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VIDEO: We Really Are Great Actors, Says ‘Squid Game’ Actor 

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Geoffrey Giuliano, who plays an eccentric gay billionaire in one episode of the Netflix hit “Squid Game,” said his character's role is played “exactly as the director wanted.” (ViralPress)

By Beau Dacanay

One of the actors in the Netflix his series “Squid Game” has hit back at online jibes about bad acting by the show’s “VIP” characters.

Geoffrey Giuliano, who has a role in one episode as VIP 4 — an eccentric gay billionaire who tries to seduce a waiter — said the portrayal was “exactly as the director wanted.”

Despite the success of the violent series — Netflix’s top original series of all time — fans have mocked his and other VIP roles with jokes that the actors were “dragged in off the street” and that the scripts sound like they were written with Google Translate.

Speaking from his home in Thailand, Giuliano rebutted suggestions that the actors are at fault for the bizarre portrayals of “depraved rich Western men.”

The 68-year-old author and actor, who was the only VIP to be unmasked in the series, said: “This wasn’t just a director, he was the writer-director, so he had a vested interest in seeing his vision on the screen and that’s what he got.

“We didn’t deviate one grain of rice from what he wanted to what we did. I think the performance was fine, absolutely fine, better than fine.

‘We … don’t second guess this director because he just made $900 million for a lot of people who have their hands in that pie, and he’s a genius, he’s a lovely guy.”

Geoffrey Giuliano appears in episode 9, “One Lucky Day,” of “Squid Game.” (ViralPress)

“Squid Game” director Hwang Dong-hyuk faced 10 years of rejections while trying to get his script produced before it was taken up by Netflix and began airing in September.

The show follows people struggling with crippling debt as they enter a twisted competition to win a life-changing $38 million. It became the most streamed show in 94 countries.

Critics have lambasted the roles of the VIPs — rich foreigners who are invited to bet huge sums of money on which of the players will survive the show’s sadistic children’s games

Giuliano said that much of the criticism comes from a lack of understanding of the series and about Korean culture, as it was not intended to please a Western audience. He said the VIPs are portrayed in a way that caters to “Korean sensibilities” and their view of foreign men.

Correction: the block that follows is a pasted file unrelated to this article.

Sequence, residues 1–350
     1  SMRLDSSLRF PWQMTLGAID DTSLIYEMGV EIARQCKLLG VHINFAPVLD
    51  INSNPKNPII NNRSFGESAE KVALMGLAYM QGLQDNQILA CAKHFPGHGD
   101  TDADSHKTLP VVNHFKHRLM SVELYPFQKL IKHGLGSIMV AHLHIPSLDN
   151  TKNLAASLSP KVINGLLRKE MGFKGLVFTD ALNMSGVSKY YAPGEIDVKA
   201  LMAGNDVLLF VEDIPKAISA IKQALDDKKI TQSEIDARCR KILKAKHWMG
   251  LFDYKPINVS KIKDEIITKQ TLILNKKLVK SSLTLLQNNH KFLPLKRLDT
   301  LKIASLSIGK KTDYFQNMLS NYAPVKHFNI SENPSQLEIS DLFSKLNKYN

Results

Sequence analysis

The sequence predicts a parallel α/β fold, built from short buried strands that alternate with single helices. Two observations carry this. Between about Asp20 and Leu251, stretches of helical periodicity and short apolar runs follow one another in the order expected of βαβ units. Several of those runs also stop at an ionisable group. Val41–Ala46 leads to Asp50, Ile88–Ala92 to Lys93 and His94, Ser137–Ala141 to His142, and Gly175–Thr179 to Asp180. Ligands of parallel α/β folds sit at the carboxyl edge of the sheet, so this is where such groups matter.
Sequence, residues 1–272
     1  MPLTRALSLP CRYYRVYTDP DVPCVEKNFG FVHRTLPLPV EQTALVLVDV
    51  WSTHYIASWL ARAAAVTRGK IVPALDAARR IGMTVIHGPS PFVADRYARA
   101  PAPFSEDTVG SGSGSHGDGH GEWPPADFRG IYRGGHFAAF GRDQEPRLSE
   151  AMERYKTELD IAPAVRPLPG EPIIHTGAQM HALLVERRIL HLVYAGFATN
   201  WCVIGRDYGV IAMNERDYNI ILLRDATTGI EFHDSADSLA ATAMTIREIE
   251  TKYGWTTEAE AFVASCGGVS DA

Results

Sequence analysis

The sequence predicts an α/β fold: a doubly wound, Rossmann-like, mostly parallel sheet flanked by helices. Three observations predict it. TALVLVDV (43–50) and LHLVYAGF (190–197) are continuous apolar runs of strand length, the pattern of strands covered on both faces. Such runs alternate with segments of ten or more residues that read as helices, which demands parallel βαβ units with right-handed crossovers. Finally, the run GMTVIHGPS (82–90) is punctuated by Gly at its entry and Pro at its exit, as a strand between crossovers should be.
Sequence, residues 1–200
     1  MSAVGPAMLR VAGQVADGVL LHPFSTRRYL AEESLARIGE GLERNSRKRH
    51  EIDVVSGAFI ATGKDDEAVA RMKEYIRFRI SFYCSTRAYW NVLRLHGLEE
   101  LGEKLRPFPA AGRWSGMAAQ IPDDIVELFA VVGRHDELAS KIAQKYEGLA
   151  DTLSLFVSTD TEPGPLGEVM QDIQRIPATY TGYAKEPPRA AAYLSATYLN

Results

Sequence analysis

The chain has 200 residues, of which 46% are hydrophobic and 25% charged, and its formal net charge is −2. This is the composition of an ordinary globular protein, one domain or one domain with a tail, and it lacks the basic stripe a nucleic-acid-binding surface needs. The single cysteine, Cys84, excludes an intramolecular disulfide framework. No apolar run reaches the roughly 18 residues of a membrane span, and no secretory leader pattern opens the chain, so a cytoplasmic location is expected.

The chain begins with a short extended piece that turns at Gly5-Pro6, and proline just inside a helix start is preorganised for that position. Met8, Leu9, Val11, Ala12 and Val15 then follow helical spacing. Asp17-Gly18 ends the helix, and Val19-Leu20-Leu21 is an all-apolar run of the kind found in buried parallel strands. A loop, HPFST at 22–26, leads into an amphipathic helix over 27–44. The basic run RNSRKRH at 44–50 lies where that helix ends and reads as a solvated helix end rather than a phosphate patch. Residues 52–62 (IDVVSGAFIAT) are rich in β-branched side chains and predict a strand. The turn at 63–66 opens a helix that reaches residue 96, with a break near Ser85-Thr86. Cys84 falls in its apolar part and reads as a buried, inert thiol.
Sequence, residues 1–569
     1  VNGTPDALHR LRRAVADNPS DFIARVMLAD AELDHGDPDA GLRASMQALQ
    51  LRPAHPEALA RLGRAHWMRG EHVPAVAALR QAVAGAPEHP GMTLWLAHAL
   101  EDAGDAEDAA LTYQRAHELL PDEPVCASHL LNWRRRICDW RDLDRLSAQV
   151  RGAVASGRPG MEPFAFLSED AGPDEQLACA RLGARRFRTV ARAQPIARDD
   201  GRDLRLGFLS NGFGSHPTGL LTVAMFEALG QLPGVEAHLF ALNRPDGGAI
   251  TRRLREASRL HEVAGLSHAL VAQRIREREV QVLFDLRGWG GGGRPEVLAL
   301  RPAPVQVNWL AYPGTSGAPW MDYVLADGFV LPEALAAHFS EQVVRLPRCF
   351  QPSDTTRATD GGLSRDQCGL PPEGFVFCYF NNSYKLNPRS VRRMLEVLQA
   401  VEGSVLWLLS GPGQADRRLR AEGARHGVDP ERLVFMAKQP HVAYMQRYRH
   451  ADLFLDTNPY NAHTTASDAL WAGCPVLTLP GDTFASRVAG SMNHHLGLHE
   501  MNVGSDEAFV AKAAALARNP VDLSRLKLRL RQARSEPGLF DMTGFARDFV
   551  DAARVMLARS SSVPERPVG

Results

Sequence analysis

“It was a Korean series written by Koreans, directed by Koreans, funded by Koreans, for Koreans in the Korean language in the country of Korea. It’s not ‘Godfather II’ and was never intended to be.

“The fact that America and all these other Western countries like it is a bit of a mystery to me.”

Giuliano draws parallels between the cartoon-like exaggerated roles of the VIPs to characters in Stanley Kubrick’s “Clockwork Orange.”

“The director sought me out from thousands of people to fly me in from Hollywood to do this part, which also dispels the myth that we were picked up off the streets, like I’m some sort of expat English teacher. Nothing wrong with that, but I’m a professional actor.”

Giuliano also talked about the cringe-worthy sexual jokes that VIP 4 makes while watching players cross a bridge made of glass — a portrayal he said works for Korean audiences.

“You need to understand that the awkward juxtaposition of a loud obnoxious American voice into that Korean drama with Korean sensibilities was the director’s choice, vision and mandate, so what’s the problem? This is like a complaint in search of a problem. We did what we were paid to do, we did the script as it was written.

“Others in the cast have had problems with millions of people lodging some kind of complaint, which I feel is baseless. I’ve watched that thing with a jaundiced eye and thought ‘where did I go wrong’ but no, it’s fine. Either I’m crazy or they’re wrong, but there’s no problem on my end.

“I’m in the most popular film in the history of television; it’s like the Beatles, it’s like Titanic, it’s like some crazy phenomena, like an asteroid hitting the Earth, and I’m riding this thing all the way to my next job.”

Edited by Judith Isacoff and Kristen Butler



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